Maintaining Multicultural Harmony in Challenging Geopolitical Times
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Maintaining Multicultural Harmony in Challenging Geopolitical Times


Malaysia is a successful, middle-income, post-colonial state formed after 1957 from the former British colonies in peninsular Malaya and the East Malaysian states of Sabah and Sarawak, separated by the South China Sea. Malaysia borders Thailand in the North and Singapore and Indonesia in the South and East. It is located right in the middle of the US-China-India rivalry along the strategic choke point of the Strait of Malacca. Together with Singapore, Thailand, and Indonesia, it is a founding member of the region’s most important multilateral arrangement, the Association of South East Asian Nations (ASEAN).

MADANI, or ‘civil Malaysia’, is the current official governing policy. After a series of bitterly contested elections since 2018, which saw the collapse of the Union of Malay National Organization (UMNO) long domination of Malaysian politics, the current ruling coalition seeks to build a new political consensus based on good governance, sustainable development, and racial harmony.

With an ethnic composition comprised of a majority of Muslim Malays and a significant minority of Chinese, Indian, and Eurasian communities, as well as ethnic Dayak, Kadazan, and Iban Christian minorities in West Malaysia, the federation is a delicate confection of four major Eurasian civilizations. The relations between these civilizations in the outside world will impact the relations between these groups in Malaysia itself. How will the Malaysian model perform in an era of religious and ethnic-oriented conflict? Since the 1980s and the era of rapid Asian growth, Malaysia has emerged as a resource-rich Asian tiger economy. Despite several financial crises since 1998 and the 1MDB corruption scandal that engulfed the ruling Najib government after 2013, Malaysia’s economy and standard of living have reached that of the V4 countries. How did it achieve this rise? And what combination of policies can sustain its growth moving forward in a region confronted by its close economic ties with a rising China and its security links with both the US, UK, and Australia?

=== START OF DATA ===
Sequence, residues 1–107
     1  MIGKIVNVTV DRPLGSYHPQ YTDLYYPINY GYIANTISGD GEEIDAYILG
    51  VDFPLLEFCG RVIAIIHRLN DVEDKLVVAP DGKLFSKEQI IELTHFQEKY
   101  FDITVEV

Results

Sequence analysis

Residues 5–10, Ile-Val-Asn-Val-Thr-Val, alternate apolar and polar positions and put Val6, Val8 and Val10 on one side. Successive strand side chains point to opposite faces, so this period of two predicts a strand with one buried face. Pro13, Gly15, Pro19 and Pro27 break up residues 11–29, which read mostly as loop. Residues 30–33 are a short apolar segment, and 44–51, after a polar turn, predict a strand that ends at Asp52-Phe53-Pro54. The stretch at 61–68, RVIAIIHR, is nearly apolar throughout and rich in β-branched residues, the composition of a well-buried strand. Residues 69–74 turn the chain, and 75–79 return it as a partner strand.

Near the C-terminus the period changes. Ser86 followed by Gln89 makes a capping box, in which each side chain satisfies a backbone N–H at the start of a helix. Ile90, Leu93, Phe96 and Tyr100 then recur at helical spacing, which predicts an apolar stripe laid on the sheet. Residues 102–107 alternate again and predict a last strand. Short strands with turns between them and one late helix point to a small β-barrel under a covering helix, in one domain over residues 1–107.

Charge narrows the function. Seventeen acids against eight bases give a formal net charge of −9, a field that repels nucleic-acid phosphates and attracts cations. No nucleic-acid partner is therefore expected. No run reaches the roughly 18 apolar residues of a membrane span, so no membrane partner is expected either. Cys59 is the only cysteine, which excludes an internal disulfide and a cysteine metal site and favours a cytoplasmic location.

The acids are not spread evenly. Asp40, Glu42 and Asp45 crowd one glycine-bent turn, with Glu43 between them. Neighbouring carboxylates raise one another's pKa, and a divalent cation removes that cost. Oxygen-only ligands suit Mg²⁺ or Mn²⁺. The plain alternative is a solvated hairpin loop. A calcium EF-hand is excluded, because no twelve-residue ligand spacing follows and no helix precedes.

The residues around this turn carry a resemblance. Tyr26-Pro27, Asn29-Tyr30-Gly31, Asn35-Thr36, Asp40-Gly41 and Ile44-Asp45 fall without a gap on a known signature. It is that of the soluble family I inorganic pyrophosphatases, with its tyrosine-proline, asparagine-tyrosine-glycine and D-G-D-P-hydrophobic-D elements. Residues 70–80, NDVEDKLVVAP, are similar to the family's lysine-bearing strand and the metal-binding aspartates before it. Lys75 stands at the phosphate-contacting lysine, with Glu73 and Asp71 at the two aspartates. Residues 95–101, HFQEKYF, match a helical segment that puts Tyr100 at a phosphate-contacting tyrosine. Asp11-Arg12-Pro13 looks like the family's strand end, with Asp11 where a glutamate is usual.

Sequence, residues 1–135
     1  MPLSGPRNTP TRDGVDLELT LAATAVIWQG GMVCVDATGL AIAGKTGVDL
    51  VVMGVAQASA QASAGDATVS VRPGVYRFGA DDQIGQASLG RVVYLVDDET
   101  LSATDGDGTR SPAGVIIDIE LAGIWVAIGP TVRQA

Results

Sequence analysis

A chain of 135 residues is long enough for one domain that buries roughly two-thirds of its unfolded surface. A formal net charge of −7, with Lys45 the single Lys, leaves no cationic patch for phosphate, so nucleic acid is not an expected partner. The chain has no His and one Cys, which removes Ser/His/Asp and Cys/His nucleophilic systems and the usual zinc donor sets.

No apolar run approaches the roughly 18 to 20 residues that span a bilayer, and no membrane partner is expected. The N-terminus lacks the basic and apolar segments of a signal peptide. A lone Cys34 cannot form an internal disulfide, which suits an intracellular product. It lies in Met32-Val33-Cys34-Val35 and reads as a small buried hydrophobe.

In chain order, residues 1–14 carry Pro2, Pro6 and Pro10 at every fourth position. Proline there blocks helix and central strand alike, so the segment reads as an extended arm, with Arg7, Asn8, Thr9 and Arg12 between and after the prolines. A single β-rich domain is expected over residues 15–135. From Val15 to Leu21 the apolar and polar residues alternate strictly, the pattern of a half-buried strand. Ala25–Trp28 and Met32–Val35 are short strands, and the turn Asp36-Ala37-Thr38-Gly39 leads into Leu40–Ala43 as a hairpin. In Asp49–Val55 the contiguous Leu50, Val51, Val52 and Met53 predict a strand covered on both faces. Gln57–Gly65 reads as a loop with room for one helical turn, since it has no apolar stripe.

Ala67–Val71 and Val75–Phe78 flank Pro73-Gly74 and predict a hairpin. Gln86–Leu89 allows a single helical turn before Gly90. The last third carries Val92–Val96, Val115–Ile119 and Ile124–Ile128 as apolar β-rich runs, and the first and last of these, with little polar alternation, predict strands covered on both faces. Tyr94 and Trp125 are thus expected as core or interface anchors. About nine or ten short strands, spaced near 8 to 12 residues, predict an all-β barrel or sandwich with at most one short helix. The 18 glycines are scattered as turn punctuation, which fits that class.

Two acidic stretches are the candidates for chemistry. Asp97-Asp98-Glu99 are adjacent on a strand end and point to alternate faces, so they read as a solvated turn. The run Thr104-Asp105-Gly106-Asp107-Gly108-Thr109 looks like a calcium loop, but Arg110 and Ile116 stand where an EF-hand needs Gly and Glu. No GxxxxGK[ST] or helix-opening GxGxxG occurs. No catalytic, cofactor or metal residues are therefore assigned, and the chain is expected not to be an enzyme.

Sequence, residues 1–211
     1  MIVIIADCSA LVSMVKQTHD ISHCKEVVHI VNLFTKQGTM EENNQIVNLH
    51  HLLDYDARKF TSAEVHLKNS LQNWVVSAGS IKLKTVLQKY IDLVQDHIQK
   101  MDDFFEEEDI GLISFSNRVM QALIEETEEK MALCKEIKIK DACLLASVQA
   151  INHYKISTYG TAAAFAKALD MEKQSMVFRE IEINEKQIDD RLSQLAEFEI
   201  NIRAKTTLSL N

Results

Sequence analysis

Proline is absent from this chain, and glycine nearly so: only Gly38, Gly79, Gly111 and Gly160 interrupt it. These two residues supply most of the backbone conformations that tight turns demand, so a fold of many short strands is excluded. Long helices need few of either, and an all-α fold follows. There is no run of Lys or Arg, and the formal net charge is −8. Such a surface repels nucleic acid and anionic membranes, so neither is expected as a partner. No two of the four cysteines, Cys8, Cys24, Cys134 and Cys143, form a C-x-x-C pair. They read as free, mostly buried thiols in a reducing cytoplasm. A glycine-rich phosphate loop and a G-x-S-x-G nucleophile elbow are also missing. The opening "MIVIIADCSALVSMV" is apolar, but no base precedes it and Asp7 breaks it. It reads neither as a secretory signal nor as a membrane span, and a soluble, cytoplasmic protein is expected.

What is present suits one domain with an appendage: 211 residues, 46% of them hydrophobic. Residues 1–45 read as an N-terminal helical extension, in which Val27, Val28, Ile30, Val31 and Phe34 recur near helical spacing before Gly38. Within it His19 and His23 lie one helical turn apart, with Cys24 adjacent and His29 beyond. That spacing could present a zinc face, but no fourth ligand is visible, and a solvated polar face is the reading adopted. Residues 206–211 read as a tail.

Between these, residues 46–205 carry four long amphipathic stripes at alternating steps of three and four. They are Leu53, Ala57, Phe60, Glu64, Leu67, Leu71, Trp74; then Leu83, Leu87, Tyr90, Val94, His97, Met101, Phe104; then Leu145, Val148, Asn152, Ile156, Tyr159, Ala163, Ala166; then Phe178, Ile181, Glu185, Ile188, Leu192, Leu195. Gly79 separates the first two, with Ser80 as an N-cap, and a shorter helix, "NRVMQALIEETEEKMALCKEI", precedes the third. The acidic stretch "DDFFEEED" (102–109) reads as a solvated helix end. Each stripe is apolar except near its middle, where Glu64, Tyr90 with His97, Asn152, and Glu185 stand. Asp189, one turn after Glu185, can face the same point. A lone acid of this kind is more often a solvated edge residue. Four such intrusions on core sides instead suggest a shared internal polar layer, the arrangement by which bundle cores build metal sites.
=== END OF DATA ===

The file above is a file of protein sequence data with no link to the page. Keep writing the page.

APLN member Cheng-Chwee Kuik examines the geopolitical role of Malaysia in the Asia-Pacific region.

Watch the recording here.

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